Dear Noah,

I saw somebody reading Huckleberry Finn yesterday, and I thought of you. That used to be your favorite book since before you could even read. You plucked it off Poppa’s shelf one day and just wouldn’t let it go. I used to read it to you almost every night, even though you had no clue what was going on. You liked the name of the title. “Hucka-hucka!” you called it. Do you remember that? I’ve been trying to hold on to every memory I have of you guys. I’ve had a lot of time to think, a lot of time to wonder a lot of things: is Cap’n Crunch still your favorite cereal? Can you still whistle through your fingers? Will this be the letter you respond to? I love you, son. After everything that’s changed, that’s one thing that’s stayed the same. I’ll see you soon, kid. Till then, I’ll just keep writing.


Love, Dad.


     With a casual flick, I toss the letter into the wastebasket. This was the third one I’ve received from my father this month, all of which had met their unfortunate deaths between crumpled tissues and wads of gum. I breathe evenly, attempting to steady my mind, and hold back the angry swell of emotions that threaten to erupt. 

     A knock on my bedroom door blissfully pulls me from my thoughts. My mother stands in the doorway, her heavy-lidded eyes downcast.

“Dinner’s ready, honey”, she says softly.

     I smell the cognac from where I sit, the warm scent swirling beneath my nostrils, threatening to climb down my throat. She shuffles out the room. I follow her out, helping her to bed. She stumbles twice, burdening me with her full weight. She hiccups her apologizes. I lay her up right and fully clothed. The room is stuffy, and smells of mold.

     Suddenly the house is too hot, too small. I need to leave.  Bounding out the room and down the stairs, I grab my car keys off the hook without looking towards the kitchen. My mother hasn’t been in there to make anything but a stiff drink in three months. Around the same time my father left.

     It’s about 8 o’clock, and the sky is beautiful. Watery pink begins to bleed across the horizon, staining it a brilliant sherbet. I wish I could feel its beauty. As I drive, I realize where I’m heading. The place I’ve been avoiding. The place where it all started.

     The sun hangs low in the sky as I enter Sunset Valley Cemetery.  The groundskeeper greets me kindly, pity in his dark eyes. I park the car. It surprises me that I know the way, having only been here once before. I walk through the neatly trimmed grass, stirring up the still silence of the dead, and interrupting the grief of the living.  Arriving at my destination, I notice the smooth marble plaque has a small bouquet of fresh flowers atop it. The card is addressed to ‘Evan’, written in a childish scrawl.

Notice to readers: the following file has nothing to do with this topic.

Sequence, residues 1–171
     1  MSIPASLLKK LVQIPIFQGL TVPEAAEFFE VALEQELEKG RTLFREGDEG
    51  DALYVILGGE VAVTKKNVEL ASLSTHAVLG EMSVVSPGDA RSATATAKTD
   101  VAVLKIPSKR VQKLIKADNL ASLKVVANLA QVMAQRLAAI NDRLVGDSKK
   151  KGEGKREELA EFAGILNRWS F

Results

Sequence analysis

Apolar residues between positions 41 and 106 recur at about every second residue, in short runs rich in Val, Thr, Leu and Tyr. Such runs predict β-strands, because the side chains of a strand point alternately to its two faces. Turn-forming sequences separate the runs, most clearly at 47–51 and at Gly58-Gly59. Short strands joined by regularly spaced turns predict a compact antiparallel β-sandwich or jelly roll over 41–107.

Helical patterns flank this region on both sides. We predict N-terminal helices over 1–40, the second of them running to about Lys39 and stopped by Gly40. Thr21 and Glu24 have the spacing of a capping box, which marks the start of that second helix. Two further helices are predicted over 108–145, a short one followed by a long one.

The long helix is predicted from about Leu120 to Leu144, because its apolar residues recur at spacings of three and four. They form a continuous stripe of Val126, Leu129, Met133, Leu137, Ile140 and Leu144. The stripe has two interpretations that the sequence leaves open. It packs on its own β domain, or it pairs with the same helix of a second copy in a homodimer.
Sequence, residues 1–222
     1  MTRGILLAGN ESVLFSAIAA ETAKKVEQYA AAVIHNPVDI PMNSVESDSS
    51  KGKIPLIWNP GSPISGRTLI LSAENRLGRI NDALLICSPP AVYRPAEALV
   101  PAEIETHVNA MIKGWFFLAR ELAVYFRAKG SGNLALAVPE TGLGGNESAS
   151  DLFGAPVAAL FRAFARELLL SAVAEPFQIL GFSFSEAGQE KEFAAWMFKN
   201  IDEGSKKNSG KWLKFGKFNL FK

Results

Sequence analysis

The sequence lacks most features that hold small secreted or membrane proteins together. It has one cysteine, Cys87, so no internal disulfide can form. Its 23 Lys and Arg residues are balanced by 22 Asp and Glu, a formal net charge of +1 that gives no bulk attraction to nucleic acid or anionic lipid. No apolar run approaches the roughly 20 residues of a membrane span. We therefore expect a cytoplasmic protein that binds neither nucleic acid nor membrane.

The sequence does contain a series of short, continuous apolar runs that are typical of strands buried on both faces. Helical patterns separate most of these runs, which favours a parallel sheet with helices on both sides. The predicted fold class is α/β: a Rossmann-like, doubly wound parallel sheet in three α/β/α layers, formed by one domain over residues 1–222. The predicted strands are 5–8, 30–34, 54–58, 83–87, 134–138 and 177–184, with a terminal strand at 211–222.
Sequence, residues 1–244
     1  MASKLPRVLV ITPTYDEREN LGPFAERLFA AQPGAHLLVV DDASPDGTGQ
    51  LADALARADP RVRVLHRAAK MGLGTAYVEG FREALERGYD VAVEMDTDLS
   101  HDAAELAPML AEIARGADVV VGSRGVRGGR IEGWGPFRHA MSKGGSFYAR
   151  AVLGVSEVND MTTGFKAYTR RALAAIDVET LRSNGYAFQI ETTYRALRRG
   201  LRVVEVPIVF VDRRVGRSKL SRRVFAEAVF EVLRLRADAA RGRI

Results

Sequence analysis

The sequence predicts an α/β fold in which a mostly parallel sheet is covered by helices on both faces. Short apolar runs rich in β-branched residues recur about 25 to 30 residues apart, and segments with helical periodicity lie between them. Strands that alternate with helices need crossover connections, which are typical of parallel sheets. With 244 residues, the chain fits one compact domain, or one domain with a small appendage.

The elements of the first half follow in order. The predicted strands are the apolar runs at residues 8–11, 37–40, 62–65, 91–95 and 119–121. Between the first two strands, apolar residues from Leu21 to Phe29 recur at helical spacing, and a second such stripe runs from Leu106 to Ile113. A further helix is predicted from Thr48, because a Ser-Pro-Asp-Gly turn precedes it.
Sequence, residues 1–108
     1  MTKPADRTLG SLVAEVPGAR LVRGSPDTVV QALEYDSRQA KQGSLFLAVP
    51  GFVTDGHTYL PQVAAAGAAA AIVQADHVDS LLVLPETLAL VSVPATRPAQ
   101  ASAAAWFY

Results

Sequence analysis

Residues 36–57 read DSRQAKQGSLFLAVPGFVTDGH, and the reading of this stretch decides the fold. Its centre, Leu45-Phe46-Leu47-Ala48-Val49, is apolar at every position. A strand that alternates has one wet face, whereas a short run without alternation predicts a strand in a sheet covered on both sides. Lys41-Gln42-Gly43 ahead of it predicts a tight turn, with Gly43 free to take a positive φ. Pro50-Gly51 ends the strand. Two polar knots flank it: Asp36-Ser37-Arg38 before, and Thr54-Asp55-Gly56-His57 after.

I sit beside my brother’s grave. A slight breeze sends the card drifting in my direction. Catching it, I see the name “Daniel” scribbled in the “From” section. A chubby kid with a bowl cut I remember playing Nintendo with Evan some Saturday afternoons.  

     The swell of emotion comes surging back, not angry, but instead filled with an aching sadness. I grit my teeth, and press my knuckles to my temples, but it’s no use to try to hold it back any more. And so I start to cry. I cry for Daniel who lost his playmate, I cry for my mother, who was too drunk to even deliver Evan’s eulogy. I cry for the pain in my father’s eyes as he told me he’d be back in time for dinner. I cry for every other person that had to bury one of their own. I cry for sadness, I cry for love, I cry for my ten year old brother, Evan Parker.

     When I am finished, I kiss the cool stone of his grave. I tell him I love him, and I leave.

     As I begin to drive out of the cemetery gates, I see the groundskeeper reading a novel on his evening break. I glimpse the title. Huckleberry Finn.

    Once home, I sit at my desk for a long time, pen in hand. My mother’s booze-soaked snores creep between the walls, counting the seconds as they go by. With a deep breath, I press pen to paper.


Dear Dad…